My last name (yes, last name) is Michael, but I wasn’t always called thus.
Once upon a time, my last name was different than what I had now. Not only was I born and mostly raised with one last name, I shortly took upon a step dad’s name. These names were meant to identify and connect me to families that, at some point and in some way, I was once connected.
I bore these names with pride while I growing up — at least for the time I had them. I was one name for most of my life growing up, and still bear the old nicknames related to that original surname. These names are an important part of my past.
But when I was in high school, I came to realize that because I had no blood relation with that name, and did not bear the name of my real father, or even my mother who raised me, that I wanted a new name. I wanted a name that not only described who I was but, more importantly, whom I wanted to become.
After much prayer, I decided I would change my last name to Michael. I’ll fuzz over the details, but I knew that’s the direction I wanted to go.
When I turned 21, I changed my name by a simple legal order. Though Michael had no anchor in my past, it was a name I now wanted to be called. As an intelligent adult capable of making my own decisions, I had every right to ask others to refer to me in a way that was important to me. It didn’t matter if others respected or understood that decision.
There might be some who could consider it morally abhorrent that I would want to change my name to something wholly unconnected from a family who loved me. But it didn’t matter. As a rational human being, I had every right to ask people to refer to me as I wanted them to refer to me. There is no central authority by which I needed moral approval to make this change, save only the ones I held to, myself.
I asked my God and I discussed it with my mom, but ultimately it was my decision and no one else’s to demand I make this change.
Can you question my authority or right to ask others to address me how I wish? You can, actually. But it doesn’t mean your questioning should bear any weight on the outcome of my decisions, especially if I neither know nor care about you.
I have every right. You don’t have to respect that right, nor do you have to abide it. You’re welcome to call me by my old names, or derogatory names. I by equal measure, have every right to call you whatever I like, as well.
Ultimately, I’m a straight white Christian male who changed my name because it was important to me to do so.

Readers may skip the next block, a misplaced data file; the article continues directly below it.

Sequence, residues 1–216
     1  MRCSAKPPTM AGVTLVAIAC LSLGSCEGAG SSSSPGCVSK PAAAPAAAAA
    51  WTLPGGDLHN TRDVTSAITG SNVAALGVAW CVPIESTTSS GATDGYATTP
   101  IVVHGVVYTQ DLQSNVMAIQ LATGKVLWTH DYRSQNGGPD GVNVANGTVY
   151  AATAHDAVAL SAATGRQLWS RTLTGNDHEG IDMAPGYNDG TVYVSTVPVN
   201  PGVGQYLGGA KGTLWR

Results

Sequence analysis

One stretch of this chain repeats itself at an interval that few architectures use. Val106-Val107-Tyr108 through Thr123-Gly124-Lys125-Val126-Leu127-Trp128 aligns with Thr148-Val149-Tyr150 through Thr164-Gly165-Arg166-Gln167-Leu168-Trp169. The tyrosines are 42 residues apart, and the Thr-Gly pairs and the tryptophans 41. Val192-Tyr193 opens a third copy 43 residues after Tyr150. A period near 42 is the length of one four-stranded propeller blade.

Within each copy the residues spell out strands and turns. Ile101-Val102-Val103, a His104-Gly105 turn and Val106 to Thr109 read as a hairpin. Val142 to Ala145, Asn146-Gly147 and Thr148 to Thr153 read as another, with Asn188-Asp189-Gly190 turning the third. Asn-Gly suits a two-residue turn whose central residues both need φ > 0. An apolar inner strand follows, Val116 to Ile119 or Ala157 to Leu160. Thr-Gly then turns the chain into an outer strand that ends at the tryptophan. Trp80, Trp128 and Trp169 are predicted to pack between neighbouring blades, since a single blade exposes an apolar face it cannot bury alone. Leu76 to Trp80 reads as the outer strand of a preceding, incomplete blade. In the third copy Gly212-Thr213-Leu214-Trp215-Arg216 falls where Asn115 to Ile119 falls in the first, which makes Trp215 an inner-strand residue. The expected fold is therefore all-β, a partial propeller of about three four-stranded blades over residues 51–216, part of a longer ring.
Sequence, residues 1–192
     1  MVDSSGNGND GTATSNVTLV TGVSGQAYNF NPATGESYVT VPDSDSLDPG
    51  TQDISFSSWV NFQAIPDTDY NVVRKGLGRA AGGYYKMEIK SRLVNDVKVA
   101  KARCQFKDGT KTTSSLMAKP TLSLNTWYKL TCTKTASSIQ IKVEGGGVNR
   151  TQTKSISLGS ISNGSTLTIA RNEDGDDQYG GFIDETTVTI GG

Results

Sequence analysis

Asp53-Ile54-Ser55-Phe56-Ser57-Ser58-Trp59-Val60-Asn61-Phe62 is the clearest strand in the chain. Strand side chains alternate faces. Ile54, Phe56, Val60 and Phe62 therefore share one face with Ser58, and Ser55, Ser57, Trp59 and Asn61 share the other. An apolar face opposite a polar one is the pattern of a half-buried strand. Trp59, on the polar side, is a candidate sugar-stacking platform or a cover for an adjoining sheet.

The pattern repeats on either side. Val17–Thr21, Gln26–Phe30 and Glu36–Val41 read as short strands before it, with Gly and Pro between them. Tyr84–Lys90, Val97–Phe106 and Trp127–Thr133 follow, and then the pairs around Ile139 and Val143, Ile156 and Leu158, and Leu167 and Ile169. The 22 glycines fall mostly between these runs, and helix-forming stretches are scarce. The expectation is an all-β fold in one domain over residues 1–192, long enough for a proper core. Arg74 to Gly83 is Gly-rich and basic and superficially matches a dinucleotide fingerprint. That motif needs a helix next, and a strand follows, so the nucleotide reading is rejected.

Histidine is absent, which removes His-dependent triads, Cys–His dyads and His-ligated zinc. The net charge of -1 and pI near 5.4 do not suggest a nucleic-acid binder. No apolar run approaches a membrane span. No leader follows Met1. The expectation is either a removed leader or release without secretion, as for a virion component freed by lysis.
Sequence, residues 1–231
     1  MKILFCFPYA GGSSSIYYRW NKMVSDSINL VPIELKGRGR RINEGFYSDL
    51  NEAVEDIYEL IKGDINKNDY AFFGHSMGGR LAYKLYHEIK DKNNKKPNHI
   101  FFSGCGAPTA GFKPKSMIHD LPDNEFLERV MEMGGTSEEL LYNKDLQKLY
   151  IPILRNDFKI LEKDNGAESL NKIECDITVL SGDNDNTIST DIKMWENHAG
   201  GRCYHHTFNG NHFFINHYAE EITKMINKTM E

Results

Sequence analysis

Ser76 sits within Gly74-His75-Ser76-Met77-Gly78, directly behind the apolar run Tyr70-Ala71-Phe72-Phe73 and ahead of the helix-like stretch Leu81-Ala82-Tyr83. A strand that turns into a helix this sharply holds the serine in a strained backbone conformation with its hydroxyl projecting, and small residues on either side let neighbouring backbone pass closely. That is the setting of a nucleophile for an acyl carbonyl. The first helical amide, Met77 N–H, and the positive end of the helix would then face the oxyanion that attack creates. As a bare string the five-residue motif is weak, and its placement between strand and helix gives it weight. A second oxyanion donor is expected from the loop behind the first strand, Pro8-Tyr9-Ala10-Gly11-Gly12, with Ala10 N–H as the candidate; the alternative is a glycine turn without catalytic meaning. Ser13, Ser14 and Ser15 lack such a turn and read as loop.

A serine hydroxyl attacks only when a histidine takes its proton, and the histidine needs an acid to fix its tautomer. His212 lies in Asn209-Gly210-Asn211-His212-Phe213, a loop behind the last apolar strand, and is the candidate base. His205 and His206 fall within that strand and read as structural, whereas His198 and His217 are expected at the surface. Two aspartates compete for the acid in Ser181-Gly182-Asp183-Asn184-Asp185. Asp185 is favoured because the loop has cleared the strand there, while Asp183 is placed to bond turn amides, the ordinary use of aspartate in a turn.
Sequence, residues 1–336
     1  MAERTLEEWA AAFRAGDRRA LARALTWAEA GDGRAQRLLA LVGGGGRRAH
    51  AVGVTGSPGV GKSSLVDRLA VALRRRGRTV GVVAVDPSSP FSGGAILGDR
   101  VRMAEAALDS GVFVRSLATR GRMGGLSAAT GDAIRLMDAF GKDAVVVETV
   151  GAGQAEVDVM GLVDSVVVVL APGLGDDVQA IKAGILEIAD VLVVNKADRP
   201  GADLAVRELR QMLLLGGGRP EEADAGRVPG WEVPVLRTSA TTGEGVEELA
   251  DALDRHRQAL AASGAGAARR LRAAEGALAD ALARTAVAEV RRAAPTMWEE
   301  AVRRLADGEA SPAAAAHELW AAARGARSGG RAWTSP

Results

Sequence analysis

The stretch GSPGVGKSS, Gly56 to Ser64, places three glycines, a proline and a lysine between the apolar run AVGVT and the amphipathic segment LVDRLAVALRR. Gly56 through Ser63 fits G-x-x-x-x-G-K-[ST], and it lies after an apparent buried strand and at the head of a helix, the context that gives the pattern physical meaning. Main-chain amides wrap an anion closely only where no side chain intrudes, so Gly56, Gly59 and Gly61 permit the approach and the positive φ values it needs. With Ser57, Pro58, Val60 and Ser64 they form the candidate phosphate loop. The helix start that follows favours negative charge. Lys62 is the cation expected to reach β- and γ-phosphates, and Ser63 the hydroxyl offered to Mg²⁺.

No matter what gender, orientation, race, religion or belief system you are, you have every right to ask other people to call you by any other gender, orientation, race, religion or belief system you wish. They don’t have to agree with it. They don’t even have to listen to you, any more than you have to listen to them.
But to those who would treat transgenders, gays, and even transracial people by how you want to treat them as opposed to how they want you to treat them can express a strong dissonance in the society you might want to live in.
Here’s what I mean: if we support a world where rights exist to give us freedom over our own lives, then what difference is there in my changing my name and someone else changing their gender, orientation or race?
And this isn’t an argument for traditional or new science. This isn’t debating the greater issues of social patterning as the roots of gender or race. It’s a simple argument that human beings have the deep right to change their own paradigm. While you should be under no obligation to respect it, I would ask you to take the time to consider it. More importantly, while you don’t have to respect them for making decisions with which you disagree, at least don’t stand in their way.
If you want respect for your life decisions, why not offer the same to those who would change something about themselves, even if you don’t morally agree with it? Remember that morals are great things, but the rule of law best serves when it gives individuals the most freedom within the simple rule that their freedom not infringe on others’ rights over themselves.
Changing your gender, orientation, race and variety of other personal qualities affects yourself. It does not force orientation, race or gender on others. Until the day someone believes they should be able to change YOUR orientation, race or gender, support people in their decisions to change their own.
For Christians (among whom I number), remember that Jesus said to love people, not control people. If you call yourself a Christian, it’s not about changing your beliefs about how you conduct your own life, but about loving others in theirs. Jesus said love them, not fix them, degrade them or browbeat them into believing as you do. He said love, because love is more powerful than any such behavior or treatment. Love everyone so everyone you meet might see Jesus’s love in you. THAT is more powerful than any other way you might treat people with whom you disagree.
4 Love is patient and kind; love does not envy or boast; it is not arrogant 5 or rude. It does not insist on its own way; it is not irritable or resentful;[a] 6 it does not rejoice at wrongdoing, but rejoices with the truth. 7 Love bears all things, believes all things, hopes all things, endures all things. – 1 Corinthians 13:4-7 ESV